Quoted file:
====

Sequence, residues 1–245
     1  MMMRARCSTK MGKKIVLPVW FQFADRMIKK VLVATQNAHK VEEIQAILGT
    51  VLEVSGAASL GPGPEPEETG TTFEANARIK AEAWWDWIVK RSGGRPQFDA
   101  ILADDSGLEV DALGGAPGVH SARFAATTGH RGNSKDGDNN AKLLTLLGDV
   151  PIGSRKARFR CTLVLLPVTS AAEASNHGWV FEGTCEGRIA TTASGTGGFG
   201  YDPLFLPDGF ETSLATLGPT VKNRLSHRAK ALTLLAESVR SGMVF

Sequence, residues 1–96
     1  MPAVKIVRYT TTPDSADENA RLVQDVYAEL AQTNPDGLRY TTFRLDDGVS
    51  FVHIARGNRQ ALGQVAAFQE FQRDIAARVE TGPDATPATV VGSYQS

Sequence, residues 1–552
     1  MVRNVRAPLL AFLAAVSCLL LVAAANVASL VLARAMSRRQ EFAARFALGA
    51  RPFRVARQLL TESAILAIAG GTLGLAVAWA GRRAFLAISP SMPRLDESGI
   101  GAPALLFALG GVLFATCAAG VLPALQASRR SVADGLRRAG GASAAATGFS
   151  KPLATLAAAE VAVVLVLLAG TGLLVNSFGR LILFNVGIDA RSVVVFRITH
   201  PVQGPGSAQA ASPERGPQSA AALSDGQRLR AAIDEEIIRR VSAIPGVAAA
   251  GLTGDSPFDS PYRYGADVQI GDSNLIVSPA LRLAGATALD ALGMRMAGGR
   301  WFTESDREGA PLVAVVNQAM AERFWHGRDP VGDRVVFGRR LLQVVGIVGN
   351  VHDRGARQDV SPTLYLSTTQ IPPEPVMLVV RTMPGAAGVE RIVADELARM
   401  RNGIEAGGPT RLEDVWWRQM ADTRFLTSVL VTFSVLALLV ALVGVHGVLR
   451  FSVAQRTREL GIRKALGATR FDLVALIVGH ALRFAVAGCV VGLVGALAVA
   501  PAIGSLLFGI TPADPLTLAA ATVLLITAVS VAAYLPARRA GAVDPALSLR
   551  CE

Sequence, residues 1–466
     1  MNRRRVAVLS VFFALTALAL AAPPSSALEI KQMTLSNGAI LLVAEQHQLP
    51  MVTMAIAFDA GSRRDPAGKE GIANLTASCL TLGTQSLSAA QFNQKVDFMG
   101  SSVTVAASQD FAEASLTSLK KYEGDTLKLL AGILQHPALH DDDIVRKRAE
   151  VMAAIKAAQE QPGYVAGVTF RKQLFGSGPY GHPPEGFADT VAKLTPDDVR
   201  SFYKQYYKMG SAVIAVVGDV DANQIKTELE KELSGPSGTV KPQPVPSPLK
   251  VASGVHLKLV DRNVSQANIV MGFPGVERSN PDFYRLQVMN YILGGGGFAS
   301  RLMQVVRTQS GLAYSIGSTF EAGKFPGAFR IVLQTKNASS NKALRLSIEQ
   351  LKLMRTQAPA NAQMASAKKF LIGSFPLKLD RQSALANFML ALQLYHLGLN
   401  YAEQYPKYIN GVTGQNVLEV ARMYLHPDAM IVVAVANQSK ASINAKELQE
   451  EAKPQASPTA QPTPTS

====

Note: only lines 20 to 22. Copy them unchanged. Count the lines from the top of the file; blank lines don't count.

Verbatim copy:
   451  FSVAQRTREL GIRKALGATR FDLVALIVGH ALRFAVAGCV VGLVGALAVA
   501  PAIGSLLFGI TPADPLTLAA ATVLLITAVS VAAYLPARRA GAVDPALSLR
   551  CE